Election Aftermath: Will Donald Trump Make America Great Again for Horses?

A trophy presentation by venue host Donald Trump for Grand Prix rider Jessica Springsteen (mounted) at the 2014 Central Park Horse Show presented by Rolex and produced by Chronicle of the Horse at Trump Rink in Manhattan; Land Rover was the official vehicle of the show and Jessica poses in front of two branding props promoting G. H. Mumm champagne. Two years later, Jessica’s father performed on Election Eve for Hillary Clinton. (Photo by Eugene Gologursky/Getty Images for Land Rover)

In England, the Duke of Beaufort loans his country estate, Badminton House, for the world’s premier horse trials each May. The Queen hosts the Royal Windsor Horse Show in her backyard. In America, we have benefited from the largesse of horse sport supporters like Jacqueline Mars in eventing, and even Ann Romney in dressage. Racing icon Marylou Whitney hosted the black-tie Whitney Gala fundraiser in Saratoga each August for years. In September, racehorse owner Barbara Banke gave her industry a night to remember when she opened her beautiful Stonestreet Farm outside Lexington, Kentucky as the site of the Thoroughbred Owners and Breeders Association awards ceremony.

Donald Trump is right up there on the angel list with these hosts and benefactors. Over the past few years, he has shown up at event press conferences to give his trademark thumbs-up signal. He has rubbed elbows and dropped soundbites with Jessica Springsteen, Kent Farrington and Georgina Bloomberg.

Winter Equestrian Festival CEO Mark Bellissimo is often photographed at Trump’s side. Bellissimo has been the lightning rod, the man with the Midas touch who has turned Wellington in January, Central Park in autumn and, most recently, Tryon International Equestrian Center all year round into end-of-the-rainbow travel and showing destinations for a new generation of equestrians. Show venues at Wellington and Tryon aside, Bellissimo has mastered the formula for promoting elite horse events and gaining the requisite publicity for success: hold an annual weekend event at a storybook destination where the public wants to go to have a look around–and be seen while they do it.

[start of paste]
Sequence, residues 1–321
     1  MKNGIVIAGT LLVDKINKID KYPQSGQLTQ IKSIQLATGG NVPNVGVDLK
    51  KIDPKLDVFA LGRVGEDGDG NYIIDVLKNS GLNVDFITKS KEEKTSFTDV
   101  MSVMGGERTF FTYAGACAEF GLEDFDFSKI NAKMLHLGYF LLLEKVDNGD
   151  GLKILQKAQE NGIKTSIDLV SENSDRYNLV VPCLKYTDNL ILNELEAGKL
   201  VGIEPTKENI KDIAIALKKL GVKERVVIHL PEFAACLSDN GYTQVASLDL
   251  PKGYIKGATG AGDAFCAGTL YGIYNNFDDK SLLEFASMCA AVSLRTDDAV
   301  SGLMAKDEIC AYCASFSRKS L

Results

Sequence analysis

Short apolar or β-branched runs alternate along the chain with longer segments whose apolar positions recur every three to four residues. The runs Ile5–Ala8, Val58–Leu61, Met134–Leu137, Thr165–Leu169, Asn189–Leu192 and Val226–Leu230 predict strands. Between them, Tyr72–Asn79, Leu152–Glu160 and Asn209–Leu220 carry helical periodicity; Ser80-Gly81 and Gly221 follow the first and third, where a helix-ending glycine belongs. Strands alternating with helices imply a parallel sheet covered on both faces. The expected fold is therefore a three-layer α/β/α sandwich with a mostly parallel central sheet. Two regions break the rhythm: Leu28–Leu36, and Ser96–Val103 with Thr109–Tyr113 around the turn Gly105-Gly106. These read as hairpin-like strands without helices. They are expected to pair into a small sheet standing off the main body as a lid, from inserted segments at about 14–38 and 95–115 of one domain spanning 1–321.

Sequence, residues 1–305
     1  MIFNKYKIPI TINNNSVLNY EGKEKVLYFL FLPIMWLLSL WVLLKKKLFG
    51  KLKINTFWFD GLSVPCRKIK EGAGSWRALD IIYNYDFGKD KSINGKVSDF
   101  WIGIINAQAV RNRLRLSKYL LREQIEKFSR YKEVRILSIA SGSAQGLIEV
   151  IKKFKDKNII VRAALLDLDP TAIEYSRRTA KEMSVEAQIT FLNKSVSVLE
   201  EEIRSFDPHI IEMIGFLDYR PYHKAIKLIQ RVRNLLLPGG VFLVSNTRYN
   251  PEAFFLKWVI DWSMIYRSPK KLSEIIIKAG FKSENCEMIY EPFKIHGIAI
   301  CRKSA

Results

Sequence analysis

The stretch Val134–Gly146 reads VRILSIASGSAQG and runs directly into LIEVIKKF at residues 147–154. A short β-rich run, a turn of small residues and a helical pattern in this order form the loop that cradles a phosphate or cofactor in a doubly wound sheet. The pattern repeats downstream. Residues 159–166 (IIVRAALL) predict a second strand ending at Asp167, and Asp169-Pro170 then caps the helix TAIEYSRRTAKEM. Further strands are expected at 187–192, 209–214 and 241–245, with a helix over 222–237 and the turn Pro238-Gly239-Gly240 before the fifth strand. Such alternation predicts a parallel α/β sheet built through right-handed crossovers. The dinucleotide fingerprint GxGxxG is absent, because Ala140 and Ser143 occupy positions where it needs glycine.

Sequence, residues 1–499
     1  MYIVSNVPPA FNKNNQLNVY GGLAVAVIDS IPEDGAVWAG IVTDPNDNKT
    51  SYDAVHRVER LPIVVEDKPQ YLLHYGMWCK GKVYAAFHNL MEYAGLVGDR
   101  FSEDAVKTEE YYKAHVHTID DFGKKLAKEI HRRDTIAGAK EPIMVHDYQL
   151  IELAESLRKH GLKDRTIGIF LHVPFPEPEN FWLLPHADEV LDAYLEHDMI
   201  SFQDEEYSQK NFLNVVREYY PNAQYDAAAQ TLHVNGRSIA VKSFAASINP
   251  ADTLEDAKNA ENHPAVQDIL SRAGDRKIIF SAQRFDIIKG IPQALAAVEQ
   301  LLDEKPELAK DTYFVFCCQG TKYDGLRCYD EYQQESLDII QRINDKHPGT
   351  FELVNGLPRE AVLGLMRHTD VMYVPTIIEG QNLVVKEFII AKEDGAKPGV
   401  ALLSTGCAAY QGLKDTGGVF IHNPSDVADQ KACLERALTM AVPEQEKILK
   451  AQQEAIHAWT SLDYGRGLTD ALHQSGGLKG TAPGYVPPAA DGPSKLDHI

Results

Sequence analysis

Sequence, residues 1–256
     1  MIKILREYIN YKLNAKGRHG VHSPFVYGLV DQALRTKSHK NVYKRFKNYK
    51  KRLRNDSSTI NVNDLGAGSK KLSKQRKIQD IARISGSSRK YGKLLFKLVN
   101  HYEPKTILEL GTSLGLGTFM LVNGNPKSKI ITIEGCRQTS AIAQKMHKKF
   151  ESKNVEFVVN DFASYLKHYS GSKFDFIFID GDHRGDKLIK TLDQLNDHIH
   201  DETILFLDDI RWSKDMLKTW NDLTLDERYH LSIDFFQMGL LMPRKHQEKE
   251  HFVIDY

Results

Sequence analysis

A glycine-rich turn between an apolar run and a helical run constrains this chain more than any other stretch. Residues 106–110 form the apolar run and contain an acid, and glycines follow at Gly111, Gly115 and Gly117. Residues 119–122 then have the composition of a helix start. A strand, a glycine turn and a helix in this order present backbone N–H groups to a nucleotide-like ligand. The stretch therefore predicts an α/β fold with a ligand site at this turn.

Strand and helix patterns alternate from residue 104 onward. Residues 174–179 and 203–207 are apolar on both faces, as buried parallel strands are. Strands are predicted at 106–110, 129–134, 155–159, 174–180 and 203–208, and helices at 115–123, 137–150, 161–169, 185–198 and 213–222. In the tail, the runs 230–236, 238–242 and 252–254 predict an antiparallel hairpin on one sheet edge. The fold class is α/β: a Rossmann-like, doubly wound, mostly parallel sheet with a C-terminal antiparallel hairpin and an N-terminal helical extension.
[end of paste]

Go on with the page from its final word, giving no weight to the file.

Getty Images photo: Ivanka Trump helped promote the Breeders Cup when it was held in New York.

As Donald Trump enters the White House, he will be faced with decisions about the welfare of thousands of horses in the United States. Much of his decision-making will no doubt be in the hands of policy drafted by his Cabinet appointees in charge of the departments of Agriculture and the Interior.

While President Obama had no overt horse-friendly agenda when he arrived in Washington, his administration managed to at least maintain the status quo on the primary issues. That didn’t mean that horse-related issues weren’t often in danger of taking a drastic turn against the mainstream sentiments of most horse owners.

There was a difference eight years ago. Obama had at least a short voting record on animal-related issues as a US Senator. But during his terms, key bipartisan legislation designed to benefit horses never made it to votes in Congress. Whether intentionally or not, key decisions of the executive branch under Obama kept horses alive, at least, by continuing to warehouse wild horses in the West and stymieing horse slaughter by denying funding for horse meat inspectors.

Regretfully, horses–especially wild ones–are still at risk in the United States and the return of horse slaughter is always just a court judgment or two away in several states. A cabinet-level mood shift after the transition could change the delicate threads that have maintained the status quo, equine style.

Let’s look at the key decisions on horses the Trump administration will face when it takes over in January:

by Fran Jurga
© The Jurga Report at EQUUSmagazine.com
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